Just Who Do You Think You Are, Man?

I’ve noticed a disturbing trend lately, one we’ve all seemed to accept as normal. When did it become OK for employers  to control an employee’s morality?  Several instances of this have come up recently. A Houston Chronicle society reporter by the name of Sarah Tressler was fired from her job when it was discovered she did the occasional exotic dance in her off hours. Derek Fenton was fired from his job at the New Jersey Transit Authority last year after he attended a protest (on his own time) where he burned a Koran (which is disgusting and stupid, but legal last I checked). Last month a new law in Arizona went into effect that not only allows employers, under the cover of “religious freedom”, to refuse to cover contraception in their employee health coverage (in violation of Federal law, naturally), but it also seems to give employers the right to fire employees who use birth control to, wait for it, PREVENT CONTRACEPTION!  (I know, it is shocking that people might actually use medication for it’s intended purpose.) Arizona isn’t alone. If recent trends in state legislatures are any indication, there will soon be a plethora of new legislation all around the country that mirrors Arizona’s, giving employers the right to dictate their employees moral choices.

But it’s not just religious and moral positions that employers have used against their employees. There is also the near universal push to piss test employees. Yes, I know, some jobs require sober people. I get it. But piss tests don’t test an employee’s current state of intoxication, the only way to do that is with a blood test. But that’s too expensive, so to make insurance companies happy employers pass around the little plastic cups and use your deposits to peer into your recent history, sorting out chemicals markers that have no relation to the condition the employee is in at the time they are working. No, they only check out what you did a couple of nights ago at that party you went to, on your off-time, where probably no one knew or cared who you worked for and what you did. It’s a lie to say piss testing is about safety, it’s all about snooping on you and your leisure time. It’s about knowing what kind of person is working for you, and determining if they fall in line with your own sense of morality.

I guess this all came to a head with me when it was reported in my super secret Facebook group of atheists that one member was interviewed for a job recently and was asked “Do you go to church?”. Our reporter responded “No” and was immediately asked “Well, WHY don’t you attend church?”. This is a POTENTIAL EMPLOYER nosing around in this person’s private religious decisions, obviously trying to weed out those who don’t ascribe to his personal religious beliefs and it’s code of morality. As an “at will” employment state, Oklahoma’s employers enjoy the luxury to fire (or not hire) anyone for any reason, and as a matter of fact they don’t even have to give you a reason. Without a reason, an aggrieved person can not easily file a complaint with the EEOC, not that they seem to give much of a damn about employment discrimination against non-believers anyway. It’s maddening.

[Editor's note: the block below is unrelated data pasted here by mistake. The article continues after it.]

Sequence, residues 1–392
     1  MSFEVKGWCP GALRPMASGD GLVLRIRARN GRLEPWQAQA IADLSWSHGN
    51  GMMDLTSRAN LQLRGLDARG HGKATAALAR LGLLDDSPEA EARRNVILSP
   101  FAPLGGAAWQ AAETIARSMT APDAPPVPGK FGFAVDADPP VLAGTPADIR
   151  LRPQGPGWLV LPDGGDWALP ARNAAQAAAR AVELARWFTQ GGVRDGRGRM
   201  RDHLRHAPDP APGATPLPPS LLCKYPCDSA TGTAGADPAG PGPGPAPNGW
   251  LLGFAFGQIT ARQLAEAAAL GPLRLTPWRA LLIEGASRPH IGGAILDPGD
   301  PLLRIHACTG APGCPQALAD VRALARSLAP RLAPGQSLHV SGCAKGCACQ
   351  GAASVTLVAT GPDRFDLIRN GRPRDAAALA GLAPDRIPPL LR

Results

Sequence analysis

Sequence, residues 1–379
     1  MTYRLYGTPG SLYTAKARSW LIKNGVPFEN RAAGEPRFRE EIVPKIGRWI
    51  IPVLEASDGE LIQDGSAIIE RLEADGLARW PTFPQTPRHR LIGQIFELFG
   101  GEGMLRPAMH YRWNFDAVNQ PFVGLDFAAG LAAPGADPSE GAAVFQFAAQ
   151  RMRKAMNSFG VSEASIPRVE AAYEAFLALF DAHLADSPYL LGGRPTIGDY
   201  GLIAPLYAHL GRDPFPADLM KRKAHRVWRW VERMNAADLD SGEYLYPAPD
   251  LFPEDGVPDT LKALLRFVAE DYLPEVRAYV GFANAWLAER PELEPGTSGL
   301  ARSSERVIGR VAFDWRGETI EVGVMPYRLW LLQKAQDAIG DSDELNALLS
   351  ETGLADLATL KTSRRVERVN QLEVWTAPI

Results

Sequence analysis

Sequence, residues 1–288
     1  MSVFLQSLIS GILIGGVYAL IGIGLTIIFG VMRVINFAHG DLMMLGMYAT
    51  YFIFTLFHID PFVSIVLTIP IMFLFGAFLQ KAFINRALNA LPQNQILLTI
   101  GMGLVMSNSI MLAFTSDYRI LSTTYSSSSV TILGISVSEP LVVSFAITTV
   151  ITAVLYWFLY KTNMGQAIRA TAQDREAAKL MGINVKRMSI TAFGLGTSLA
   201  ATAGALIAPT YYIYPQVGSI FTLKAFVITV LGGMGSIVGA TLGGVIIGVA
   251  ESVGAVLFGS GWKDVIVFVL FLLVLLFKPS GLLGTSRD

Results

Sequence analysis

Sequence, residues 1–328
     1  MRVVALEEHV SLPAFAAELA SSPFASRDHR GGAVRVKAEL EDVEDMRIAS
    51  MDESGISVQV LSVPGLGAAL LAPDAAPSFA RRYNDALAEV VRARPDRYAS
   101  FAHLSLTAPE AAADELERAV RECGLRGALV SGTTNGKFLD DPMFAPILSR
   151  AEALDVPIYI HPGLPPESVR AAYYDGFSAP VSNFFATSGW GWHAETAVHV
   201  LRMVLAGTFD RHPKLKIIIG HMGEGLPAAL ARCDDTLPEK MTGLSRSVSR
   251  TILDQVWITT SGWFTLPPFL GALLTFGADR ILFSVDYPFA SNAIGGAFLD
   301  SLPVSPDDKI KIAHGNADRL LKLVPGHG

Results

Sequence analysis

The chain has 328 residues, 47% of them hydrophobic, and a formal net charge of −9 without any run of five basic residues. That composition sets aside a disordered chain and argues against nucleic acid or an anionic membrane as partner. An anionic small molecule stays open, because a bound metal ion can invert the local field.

I’m an employer. I have people in my employ at my cafe. Believe me when I say they regularly, and with great gusto, violate my moral code. They brag about them, all those little and big things they do that crawl all over me, but it has never occurred to me I should at any time use those actions against them in their employment. It’s wrong. People have the right to make a living, and to deny someone that right because their actions violate your personal morality is reprehensible. It punishes people who hold a minority viewpoint on morality generally, and religious morality specifically, and you just shouldn’t do that. Are we now expected to revise and amend our beliefs and morality at the whims of the person signing our paycheck? What if they wish to prohibit me from donating to a particular political campaign with the money “they gave me” for working, or ban any alcohol purchases because they violate his beliefs? Shall employers be allowed to choose our spouses, charitable donations or religious beliefs now? Just how far will this trend go before someone steps up and says ENOUGH!?!

I do hope we don’t need another round of legislation and bureaucracy to combat these abhorrent actions. People should just treat one another with respect without the hand of the government forcing them. However, it may come to that, because I don’t see this situation getting better. People have become entrenched, vigorously defending their “religious freedoms”, never once seeming to concern themselves with how their actions violate another’s freedoms. My private life, outside of the workplace, is not my employer’s business. Unless they can show why my attendance at a specific church, moonlighting in my underwear, ingesting drugs (on my own time, natch) or when and how to procreate is in any way essential information for them to evaluate my ability to do my job, they can shove their righteous noses up their own butts. It’s where they belong.